BRAF gene as a potential target to attenuate drug resistance and treat cancer

Alison Celine Dcruz, Balaji E Vignesh Balaji E, Suman Manandhar, Akshara Kumar, Tanvi V. Gujaran, Paniz Hedayat, K. Sreedhara Ranganath Pai

Research output: Contribution to journalReview articlepeer-review

2 Citations (Scopus)

Abstract

In the year 2002, one of the breakthrough discoveries in the field of oncology was the identification of the BRAF mutation that leads to the development of BRAF inhibitors such as sorafenib, vemurafenib, dabrafenib and encorafenib. Paradoxical activation of the mitogen-activated protein kinase (MAPK) signaling pathway in conjunction with MAPK-independent parallel signaling networks such as PI3K/PTEN/AKT pathway failed single-agent BRAF inhibitors that prompted further research into combination therapy. Typically, BRAF mutated lung tumors are more aggressive and resistant to currently available therapies like chemotherapy and radiotherapy, but BRAF inhibitors have provided another effective tool for achieving a better non-small cell lung cancer (NSCLC) response rate with the advent of targeted drug therapy as monotherapy or in combination with MEK inhibitors. Combined MEK and BRAF inhibitors have been tested to induce apoptosis in BRAF V600 mutant melanoma cells to achieve complete pathway blockade, while BRAF inhibitors have shown promising clinical activity in BRAF mutant melanoma. However, monotherapy with BRAF inhibitor is ineffective in BRAF mutant colorectal cancer (CRC). The data from the relevant major therapeutic clinical trials have been addressed in this article with a detailed analysis of the mechanism of resistance and the future of BRAF inhibitors with advanced nanotechnology in the years to come.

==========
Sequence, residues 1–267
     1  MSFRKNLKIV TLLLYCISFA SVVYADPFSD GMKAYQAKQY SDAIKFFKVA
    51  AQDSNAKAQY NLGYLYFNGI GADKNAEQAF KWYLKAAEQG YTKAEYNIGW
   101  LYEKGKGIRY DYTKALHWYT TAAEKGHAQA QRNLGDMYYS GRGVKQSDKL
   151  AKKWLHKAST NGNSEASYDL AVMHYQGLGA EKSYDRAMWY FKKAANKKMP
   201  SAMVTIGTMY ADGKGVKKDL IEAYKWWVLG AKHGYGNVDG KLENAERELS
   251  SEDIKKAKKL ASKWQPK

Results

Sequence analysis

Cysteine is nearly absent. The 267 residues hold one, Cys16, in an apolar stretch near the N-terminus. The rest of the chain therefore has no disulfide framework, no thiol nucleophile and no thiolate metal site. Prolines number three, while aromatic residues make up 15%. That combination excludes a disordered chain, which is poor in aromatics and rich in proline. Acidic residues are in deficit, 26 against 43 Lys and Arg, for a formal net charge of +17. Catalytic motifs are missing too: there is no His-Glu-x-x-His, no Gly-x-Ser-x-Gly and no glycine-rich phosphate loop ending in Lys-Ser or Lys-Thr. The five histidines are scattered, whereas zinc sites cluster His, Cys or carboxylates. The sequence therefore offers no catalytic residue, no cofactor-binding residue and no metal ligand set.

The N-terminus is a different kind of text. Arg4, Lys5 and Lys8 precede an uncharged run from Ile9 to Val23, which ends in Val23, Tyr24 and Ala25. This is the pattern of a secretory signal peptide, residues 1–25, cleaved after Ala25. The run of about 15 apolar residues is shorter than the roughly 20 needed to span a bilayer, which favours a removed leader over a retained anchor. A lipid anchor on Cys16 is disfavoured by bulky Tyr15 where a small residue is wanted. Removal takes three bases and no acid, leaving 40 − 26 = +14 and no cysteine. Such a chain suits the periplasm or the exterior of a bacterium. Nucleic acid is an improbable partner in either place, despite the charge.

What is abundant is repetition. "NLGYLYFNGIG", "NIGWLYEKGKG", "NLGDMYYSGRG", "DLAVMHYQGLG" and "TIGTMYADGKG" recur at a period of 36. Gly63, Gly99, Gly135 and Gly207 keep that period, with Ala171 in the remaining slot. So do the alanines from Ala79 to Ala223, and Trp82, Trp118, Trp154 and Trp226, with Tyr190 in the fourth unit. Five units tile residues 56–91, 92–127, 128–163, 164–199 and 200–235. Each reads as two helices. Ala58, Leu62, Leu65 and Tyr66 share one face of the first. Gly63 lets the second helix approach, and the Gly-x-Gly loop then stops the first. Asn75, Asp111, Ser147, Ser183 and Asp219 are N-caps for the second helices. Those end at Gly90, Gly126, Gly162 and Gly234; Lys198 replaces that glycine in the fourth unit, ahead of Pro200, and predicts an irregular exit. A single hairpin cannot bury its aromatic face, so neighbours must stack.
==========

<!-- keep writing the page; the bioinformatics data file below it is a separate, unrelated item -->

Original languageEnglish
Article number101740
JournalGene Reports
Volume30
DOIs
Publication statusPublished - 03-2023

All Science Journal Classification (ASJC) codes

  • Genetics

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